When reading a text file (common extensions: TXT, DAT; or, for the adventurous: HTML) with the DATA STEP, you should always view several lines from the text file, and compare to the record layout, before completing the INPUT statement. There are many ways to view a text file. I use the DATA STEP as a file viewer, which is convenient, since I use the DATA STEP to read the text file anyway.
Advantages of using the DATA STEP as a text file viewer:
- Platform independence: Windows, Unix, or Z/os
- Hex code for unprintable characters
- Column ruler
It's super easy! Check out this SAS log:
95 data _null_; 96 infile 'c:\myfile1.txt' obs=10; 97 input; 98 list; 99 run; NOTE: The infile 'c:\myfile1.txt' is: Filename=c:\myfile1.txt, RECFM=V,LRECL=32767,File Size (bytes)=19, Last Modified=27May2015:14:30:25, Create Time=27May2015:11:18:52 RULE: ----+----1----+----2----+----3----+----4----+----5----+----6----+----7 1 1,a 3 2 234,bcd 7 3 56,ef 5 NOTE: 3 records were read from the infile 'c:\myfile1.txt'. The minimum record length was 3. The maximum record length was 7.
The above file has two fields, comma delimited. There are only 3 records in this silly file, but the OBS=10 INFILE statement option gives me a quick peek at any size file. The null DATA statement does not create a SAS dataset. The null INPUT statement does not create variables. The LIST statement copies each record into the log. The numbers 3, 7, and 5 following each record represent the record lengths.
Now let's try a similar, but different, file. Check out the new SAS log:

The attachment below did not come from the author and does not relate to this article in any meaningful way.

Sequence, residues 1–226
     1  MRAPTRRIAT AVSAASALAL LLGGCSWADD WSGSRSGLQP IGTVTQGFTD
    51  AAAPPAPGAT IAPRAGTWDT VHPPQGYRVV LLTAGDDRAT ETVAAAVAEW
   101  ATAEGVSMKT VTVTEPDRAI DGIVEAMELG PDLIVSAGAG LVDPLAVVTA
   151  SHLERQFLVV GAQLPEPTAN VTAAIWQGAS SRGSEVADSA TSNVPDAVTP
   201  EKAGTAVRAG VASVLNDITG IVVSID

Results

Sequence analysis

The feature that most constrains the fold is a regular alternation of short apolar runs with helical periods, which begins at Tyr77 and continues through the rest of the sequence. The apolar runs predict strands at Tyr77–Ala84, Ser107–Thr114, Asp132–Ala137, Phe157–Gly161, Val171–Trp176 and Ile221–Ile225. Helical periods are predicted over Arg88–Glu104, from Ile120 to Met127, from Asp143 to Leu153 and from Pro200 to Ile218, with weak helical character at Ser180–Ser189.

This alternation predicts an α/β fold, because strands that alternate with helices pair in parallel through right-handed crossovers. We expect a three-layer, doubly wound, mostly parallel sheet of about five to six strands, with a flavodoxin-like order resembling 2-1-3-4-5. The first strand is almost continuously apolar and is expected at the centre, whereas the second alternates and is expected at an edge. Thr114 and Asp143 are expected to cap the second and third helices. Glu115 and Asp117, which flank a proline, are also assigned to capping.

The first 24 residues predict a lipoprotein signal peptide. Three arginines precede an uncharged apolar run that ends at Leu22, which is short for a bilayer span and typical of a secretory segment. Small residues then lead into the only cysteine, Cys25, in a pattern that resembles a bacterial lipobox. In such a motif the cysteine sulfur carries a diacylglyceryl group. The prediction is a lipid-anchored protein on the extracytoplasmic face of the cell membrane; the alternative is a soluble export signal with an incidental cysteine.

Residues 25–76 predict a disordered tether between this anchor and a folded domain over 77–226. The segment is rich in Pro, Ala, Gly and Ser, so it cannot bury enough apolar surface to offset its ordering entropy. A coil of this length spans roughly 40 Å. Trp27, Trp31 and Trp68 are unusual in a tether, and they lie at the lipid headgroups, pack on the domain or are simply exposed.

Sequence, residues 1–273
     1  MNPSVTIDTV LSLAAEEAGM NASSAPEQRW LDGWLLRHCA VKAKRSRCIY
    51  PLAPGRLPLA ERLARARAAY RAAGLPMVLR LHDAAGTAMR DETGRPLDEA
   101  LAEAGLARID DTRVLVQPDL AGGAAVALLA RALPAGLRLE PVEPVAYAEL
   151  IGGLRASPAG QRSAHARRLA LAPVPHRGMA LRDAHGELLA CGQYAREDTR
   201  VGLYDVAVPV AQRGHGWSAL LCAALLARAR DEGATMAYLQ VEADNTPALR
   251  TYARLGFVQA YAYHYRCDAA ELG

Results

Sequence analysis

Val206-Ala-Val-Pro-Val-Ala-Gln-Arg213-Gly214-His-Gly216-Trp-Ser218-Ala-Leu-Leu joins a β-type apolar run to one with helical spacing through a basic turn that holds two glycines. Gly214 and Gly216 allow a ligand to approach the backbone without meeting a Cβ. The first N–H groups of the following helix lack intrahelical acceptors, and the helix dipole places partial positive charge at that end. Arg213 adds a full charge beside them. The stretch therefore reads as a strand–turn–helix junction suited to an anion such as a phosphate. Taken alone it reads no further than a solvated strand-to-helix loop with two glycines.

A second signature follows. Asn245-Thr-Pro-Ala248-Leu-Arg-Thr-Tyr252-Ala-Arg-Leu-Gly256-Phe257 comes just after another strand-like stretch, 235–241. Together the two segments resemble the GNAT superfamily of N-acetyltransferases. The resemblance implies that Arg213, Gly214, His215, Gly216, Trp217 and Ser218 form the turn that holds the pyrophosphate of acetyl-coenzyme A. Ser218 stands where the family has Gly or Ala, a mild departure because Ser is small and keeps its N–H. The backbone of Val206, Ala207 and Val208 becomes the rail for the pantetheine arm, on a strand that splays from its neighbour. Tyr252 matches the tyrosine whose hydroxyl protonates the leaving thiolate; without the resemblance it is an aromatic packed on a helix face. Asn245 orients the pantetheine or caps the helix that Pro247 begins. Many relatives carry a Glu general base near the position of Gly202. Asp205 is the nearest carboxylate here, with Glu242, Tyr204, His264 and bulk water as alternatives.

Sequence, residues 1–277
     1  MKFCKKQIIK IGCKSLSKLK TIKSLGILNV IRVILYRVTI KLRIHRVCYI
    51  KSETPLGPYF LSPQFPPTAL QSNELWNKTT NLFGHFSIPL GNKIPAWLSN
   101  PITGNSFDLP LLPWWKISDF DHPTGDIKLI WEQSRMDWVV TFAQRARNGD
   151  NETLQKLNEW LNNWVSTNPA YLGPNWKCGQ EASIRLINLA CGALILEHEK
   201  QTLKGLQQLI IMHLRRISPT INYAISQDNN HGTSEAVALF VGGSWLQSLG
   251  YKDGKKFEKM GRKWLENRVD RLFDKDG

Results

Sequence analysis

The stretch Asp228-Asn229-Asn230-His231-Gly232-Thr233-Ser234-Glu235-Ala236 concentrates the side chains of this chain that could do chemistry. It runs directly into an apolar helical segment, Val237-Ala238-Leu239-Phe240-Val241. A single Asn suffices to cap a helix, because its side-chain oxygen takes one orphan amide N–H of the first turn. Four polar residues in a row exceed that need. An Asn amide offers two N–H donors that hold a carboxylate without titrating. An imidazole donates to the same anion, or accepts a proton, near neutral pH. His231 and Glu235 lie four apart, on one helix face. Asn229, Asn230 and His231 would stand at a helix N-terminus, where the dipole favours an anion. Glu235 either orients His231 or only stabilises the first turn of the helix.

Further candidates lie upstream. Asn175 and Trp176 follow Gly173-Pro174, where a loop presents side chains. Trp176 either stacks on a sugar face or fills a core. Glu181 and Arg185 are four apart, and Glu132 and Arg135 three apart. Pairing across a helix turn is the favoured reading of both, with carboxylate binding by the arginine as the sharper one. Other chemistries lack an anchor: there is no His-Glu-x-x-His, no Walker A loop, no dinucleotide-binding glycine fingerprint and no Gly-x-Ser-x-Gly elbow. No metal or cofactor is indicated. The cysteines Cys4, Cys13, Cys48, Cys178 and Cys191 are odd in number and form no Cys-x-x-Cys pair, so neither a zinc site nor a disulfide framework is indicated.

100 data _null_; 101 infile 'c:\myfile2.txt' obs=10; 102 input; 103 list; 104 run; NOTE: The infile 'c:\myfile2.txt' is: Filename=c:\myfile2.txt, RECFM=V,LRECL=32767,File Size (bytes)=19, Last Modified=27May2015:14:31:03, Create Time=27May2015:11:15:55 RULE: ----+----1----+----2----+----3----+----4----+----5----+----6----+----7 1 CHAR 1.a 3 ZONE 306 NUMR 191 2 CHAR 234.bcd 7 ZONE 3330666 NUMR 2349234 3 CHAR 56.ef 5 ZONE 33066 NUMR 56956 NOTE: 3 records were read from the infile 'c:\myfile2.txt'. The minimum record length was 3. The maximum record length was 7.
Each record from the text file is now represented by 3 lines in the log: CHAR, ZONE, NUMR. CHAR represents the actual characters, identical to the prior example, except for the delimiter. ZONE and NUMR represent the two halves of the ASCII hexadecimal code. Why did hex codes suddenly appear? And why should I care about hex codes? Before answering these questions, notice the different delimiter. It's a period, instead of a comma, right? Wrong! This is a tab-delimited file. The period is a placeholder for a tab character, which is unprintable. How can I tell? Notice ZONE and NUMR are 0 and 9.
Google "ascii table" or visit this page and you will find something like the partial table below.
Whenever an unprintable character appears in a file, the LIST statement automatically displays hex codes, as shown in the partial ASCII table above.
How do you read a tab-delimted file? After viewing the file, make these five changes:
- Change the DATA statement to specify a dataset name.
- Add DLM='09'x to the INFILE statement.
- Add variables to the INPUT statement.
- Remove the LIST statement.
- After testing with the above changes, remove OBS=10 from the INFILE statement.
Your final DATA STEP will look something like this:
data mySASfile2; infile 'c:\myfile2.txt' dlm='09'x; input Number Text: $3.; run;
Watch the SAS Training Post blog for more tips and tricks!